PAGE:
Post Mon Apr 19, 2021 12:51 am

markzzz wrote:
Sat Apr 17, 2021 10:53 pm
probably i was wrong with my last understaing of mystran reply, because if I keep "integer" values but I use double to store/add/sub them, the same signal become very weird:

Code: Select all

struct CICDecimator {
    static constexpr int32_t scale = ((int32_t)1) << 16;
    int mStages;
    int mFactor;
    float mGainCorrection;
    double *pIntegrators;
    double *pCombs;

    CICDecimator(int stages = 4, int factor = 8) {
        assert(stages > 0);
        assert(factor > 0);

        mStages = stages;
        pIntegrators = new double[mStages + 1]{};
        pCombs = new double[mStages]{};

        if (mFactor != factor) {
            mFactor = factor;
            mGainCorrection = 1.0f / (float)(pow(mFactor, mStages));
        }
    }
    ~CICDecimator() {
        delete[] pIntegrators;
        delete[] pCombs;
    }

    float process(const float *buffer) {
        for (int i = 0; i < mFactor; i++) {
            pIntegrators[0] = std::floor(buffer[i] * scale);

            for (int j = 1; j <= mStages; j++) {
                pIntegrators[j] += pIntegrators[j - 1];
            }
        }

        double s = pIntegrators[mStages];
        for (int i = 0; i < mStages; i++) {
            double t = s;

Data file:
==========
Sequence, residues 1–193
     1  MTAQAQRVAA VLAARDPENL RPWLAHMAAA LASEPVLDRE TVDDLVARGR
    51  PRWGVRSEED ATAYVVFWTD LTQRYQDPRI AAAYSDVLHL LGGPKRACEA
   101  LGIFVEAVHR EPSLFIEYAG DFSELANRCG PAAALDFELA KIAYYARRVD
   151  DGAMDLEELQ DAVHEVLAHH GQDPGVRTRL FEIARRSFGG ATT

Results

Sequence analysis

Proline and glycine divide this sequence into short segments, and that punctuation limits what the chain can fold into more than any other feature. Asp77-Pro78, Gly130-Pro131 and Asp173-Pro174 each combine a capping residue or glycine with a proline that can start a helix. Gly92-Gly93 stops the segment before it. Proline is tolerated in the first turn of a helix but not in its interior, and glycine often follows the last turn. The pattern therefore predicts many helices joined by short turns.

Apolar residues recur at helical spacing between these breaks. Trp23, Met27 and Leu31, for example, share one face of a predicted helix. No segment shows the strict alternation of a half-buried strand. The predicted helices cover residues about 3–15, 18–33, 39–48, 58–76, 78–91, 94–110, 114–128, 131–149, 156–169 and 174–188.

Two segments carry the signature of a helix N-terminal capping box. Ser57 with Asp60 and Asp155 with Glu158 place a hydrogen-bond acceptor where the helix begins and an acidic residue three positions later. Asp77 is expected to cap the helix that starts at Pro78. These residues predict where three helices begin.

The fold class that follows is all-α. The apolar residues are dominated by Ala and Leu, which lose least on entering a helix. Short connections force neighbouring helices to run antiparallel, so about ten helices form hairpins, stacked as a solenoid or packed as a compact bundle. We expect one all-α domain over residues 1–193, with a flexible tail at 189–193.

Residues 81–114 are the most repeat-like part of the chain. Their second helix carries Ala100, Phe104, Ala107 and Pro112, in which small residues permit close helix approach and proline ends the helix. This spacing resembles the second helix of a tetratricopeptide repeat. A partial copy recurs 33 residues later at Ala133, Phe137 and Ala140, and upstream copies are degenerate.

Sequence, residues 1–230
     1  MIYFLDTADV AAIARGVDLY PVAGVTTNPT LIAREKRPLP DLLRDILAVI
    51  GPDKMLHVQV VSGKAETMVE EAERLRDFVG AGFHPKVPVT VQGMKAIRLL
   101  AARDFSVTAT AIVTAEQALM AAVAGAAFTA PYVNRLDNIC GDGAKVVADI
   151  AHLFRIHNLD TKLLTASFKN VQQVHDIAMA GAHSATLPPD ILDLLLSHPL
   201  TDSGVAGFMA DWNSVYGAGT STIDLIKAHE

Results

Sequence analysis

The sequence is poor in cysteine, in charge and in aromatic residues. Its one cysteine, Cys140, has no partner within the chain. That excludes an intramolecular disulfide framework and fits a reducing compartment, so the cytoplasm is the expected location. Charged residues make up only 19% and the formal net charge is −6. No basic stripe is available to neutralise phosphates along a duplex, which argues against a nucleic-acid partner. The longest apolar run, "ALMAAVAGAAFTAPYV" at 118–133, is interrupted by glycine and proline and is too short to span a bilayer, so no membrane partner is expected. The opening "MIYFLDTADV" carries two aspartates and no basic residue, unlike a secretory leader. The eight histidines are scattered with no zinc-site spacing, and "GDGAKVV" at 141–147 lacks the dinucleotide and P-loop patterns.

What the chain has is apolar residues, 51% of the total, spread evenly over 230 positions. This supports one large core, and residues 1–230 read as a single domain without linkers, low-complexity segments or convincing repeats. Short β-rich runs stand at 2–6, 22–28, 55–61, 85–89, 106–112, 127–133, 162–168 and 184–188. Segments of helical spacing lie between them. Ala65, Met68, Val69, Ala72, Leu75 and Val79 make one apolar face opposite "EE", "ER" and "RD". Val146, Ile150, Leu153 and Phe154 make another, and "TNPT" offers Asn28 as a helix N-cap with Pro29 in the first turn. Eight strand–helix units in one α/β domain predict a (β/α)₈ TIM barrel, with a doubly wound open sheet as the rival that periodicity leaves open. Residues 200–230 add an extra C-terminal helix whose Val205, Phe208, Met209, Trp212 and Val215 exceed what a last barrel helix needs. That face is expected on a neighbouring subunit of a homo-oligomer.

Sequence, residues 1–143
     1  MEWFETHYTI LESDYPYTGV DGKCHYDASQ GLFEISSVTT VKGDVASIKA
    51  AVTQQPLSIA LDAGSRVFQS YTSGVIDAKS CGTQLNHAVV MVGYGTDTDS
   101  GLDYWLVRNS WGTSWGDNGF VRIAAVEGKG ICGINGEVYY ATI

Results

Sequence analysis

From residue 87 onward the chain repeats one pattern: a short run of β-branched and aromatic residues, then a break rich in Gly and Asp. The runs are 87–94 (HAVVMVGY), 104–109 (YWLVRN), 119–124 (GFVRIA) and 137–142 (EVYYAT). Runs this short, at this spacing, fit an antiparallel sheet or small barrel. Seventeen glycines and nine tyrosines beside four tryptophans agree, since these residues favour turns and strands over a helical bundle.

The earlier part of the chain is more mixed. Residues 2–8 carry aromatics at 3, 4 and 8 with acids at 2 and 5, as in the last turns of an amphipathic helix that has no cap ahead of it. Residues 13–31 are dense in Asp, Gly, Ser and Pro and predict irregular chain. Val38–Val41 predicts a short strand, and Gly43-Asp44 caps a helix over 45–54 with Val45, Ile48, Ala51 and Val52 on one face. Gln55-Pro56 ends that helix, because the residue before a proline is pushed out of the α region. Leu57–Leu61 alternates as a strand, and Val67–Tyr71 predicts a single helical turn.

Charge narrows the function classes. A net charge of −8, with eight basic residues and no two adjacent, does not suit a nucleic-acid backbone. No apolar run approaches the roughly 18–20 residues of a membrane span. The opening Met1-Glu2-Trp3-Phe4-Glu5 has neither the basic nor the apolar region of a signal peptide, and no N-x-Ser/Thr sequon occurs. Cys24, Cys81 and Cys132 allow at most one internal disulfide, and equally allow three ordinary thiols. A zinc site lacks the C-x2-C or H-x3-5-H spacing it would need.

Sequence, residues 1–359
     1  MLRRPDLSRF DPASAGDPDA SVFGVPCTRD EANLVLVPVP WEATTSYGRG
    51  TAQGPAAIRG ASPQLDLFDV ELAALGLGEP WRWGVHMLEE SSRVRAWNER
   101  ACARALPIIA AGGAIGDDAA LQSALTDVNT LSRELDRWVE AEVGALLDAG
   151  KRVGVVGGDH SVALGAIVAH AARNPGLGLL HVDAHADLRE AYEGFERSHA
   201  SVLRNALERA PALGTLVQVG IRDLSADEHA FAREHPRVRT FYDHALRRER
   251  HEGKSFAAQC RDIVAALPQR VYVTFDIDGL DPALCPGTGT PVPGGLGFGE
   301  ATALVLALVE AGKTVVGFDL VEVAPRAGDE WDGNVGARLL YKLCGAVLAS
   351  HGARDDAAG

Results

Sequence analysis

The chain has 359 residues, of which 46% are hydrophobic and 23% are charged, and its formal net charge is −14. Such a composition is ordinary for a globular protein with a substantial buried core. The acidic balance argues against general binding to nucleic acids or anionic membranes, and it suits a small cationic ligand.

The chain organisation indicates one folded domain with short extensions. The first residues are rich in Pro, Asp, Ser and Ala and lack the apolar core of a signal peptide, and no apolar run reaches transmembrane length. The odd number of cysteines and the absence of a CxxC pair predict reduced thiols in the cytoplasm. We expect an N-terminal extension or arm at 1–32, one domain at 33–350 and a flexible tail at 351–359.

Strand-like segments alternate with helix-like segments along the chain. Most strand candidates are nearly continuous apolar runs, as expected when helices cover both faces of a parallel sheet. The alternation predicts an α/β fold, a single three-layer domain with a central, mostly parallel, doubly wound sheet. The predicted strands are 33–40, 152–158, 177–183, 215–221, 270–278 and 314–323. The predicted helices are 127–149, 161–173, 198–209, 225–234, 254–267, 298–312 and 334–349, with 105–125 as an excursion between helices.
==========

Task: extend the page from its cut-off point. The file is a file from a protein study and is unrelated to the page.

s -= pCombs[i];
            pCombs[i] = t;
        }

        return mGainCorrection * (s / (float)scale);
    }
};
and it doesnt make sense, since their should manage integer up to 2^53 (which are higher than int32) without any loss of precision :O

mmm...
ok i think i've got why with "double" it goes weird...

its because integrators increase till the saturation of the type used: 2^31 in case of int32, 2^63 for int64, much more in case of double (but then they can express all integer values correctly without loss of precision).

correct?

KVRAF
6318 posts since 12 Feb, 2006 from Helsinki, Finland

Post Mon Apr 19, 2021 8:16 am

markzzz wrote:
Mon Apr 19, 2021 12:51 am
its because integrators increase till the saturation of the type used: 2^31 in case of int32, 2^63 for int64, much more in case of double (but then they can express all integer values correctly without loss of precision).
Integers in C or C++ don't saturate. The unsigned types wrap around and the signed types become undefined behaviour.